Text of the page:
Re: a health dilemma.

From: Alex Ramonsky (
Date: Mon Jan 28 2002 - 04:07:13 MST

----- Original Message -----
From: "animated silicon love doll" <>
To: <>
Sent: Thursday, January 24, 2002 00:20
Subject: Re: a health dilemma.

> 2002.01.23 3:08:47, "Alex Ramonsky" <> wrote:
> >That may have something to do with the way tobacco (and other substances)
> >interact with any inhaler you are using -particularly beclamethasone, or
> >however you spell it, or ventolin, and any asthma medications you are
> >such as Amoxil. Some of these combinations can bugger your lungs up a lot
> >faster than just smoking.
> >Ramonsky
> hmmmm. do you know exactly how they bugger up the longs faster? or any
> that would tell me how?
> (i'm on ventolin (or albuterol, here in the states), btw.)

Asthma's classified in various ways, but generally into allergic /
non-allergic categories. Younger people generally have the allergic kind.
Two different sorts of medication are given for this; beta agonists
(ventolin) and steroids. Beta2 agonists copy the effects of adrenaline and
noradrenaline (normally part of your 'fight or flight' response. Steroids
act on the underlying inflammation.
The allergic response that produces inflammation also produces phlegm.
Anything causing an allergic reaction, ie smoking, food additives, pet hair,
microbes, will increase the need for the use of both types of medication.
Smoking initially loosens phlegm and makes it easier to cough it all up, as
you've noticed. But in the long term it is exacerbating the problem and if
you give quitting a chance, you'll find you don't need your ventolin so
People who smoke often find they're using their inhaler more and more,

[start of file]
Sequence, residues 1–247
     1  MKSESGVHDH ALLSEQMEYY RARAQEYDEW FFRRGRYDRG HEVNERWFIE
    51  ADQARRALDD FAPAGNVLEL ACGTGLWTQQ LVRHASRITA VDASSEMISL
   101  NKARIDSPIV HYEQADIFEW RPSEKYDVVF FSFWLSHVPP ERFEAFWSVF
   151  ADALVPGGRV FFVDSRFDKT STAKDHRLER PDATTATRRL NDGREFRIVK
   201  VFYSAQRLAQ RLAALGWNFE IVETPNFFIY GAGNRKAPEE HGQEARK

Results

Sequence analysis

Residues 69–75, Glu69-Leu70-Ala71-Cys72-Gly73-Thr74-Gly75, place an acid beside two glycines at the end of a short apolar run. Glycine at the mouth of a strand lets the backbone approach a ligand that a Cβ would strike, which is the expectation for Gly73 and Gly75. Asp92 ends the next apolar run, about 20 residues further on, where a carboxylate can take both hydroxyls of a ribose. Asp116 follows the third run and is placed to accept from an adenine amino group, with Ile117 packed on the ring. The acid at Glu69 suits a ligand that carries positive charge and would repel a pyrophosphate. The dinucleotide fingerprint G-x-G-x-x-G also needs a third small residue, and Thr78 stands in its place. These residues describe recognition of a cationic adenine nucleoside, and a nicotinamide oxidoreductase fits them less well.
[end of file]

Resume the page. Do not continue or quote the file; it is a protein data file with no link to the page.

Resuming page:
psychological addiction can occur (can I do without it??)
and it can get to the ridiculous extremes of taking a toke on the inhaler so
that you can have a cigarette without triggering an asthma attack! Tolerance
becomes a factor...basically mixing beta2 agoniser with any allergan or
irritant is a recipe for trashing your lungs, liver and kidneys.
Stay off the cigarettes and after a couple of months have a pulmonary
function evaluation. You might be pleasantly surprised to discover that your
medication can be reduced or changed to something a little more gentle
(especially if you're on steroids).
Lastly, Zyban has had quite a bad press lately because of adverse
effects -including 50 or so deaths which may be related to its side effects.
However, compared to the dangers of and deaths due to smoking, it is
definately the safer option! It works by modifying the two neurotransmitters
involved in nicotine addiction and withdrawal, so it's not just replacing
one form of nicotine with another.
Stick with it dude...every day is another step towards...towards...towards
freedom from feeling like shite because your lungs were full of stuff that
isn't meant to be there...
Incentive...if you're still off the cigarettes by the time I get married,
I'll send you a copy of my gut-bustingly hilarious publication "The Cakdon
Book of Records". Remind me...I have a memory like a filter paper...but good
All the best,

This archive was generated by hypermail 2.1.5 : Fri Nov 01 2002 - 13:37:36 MST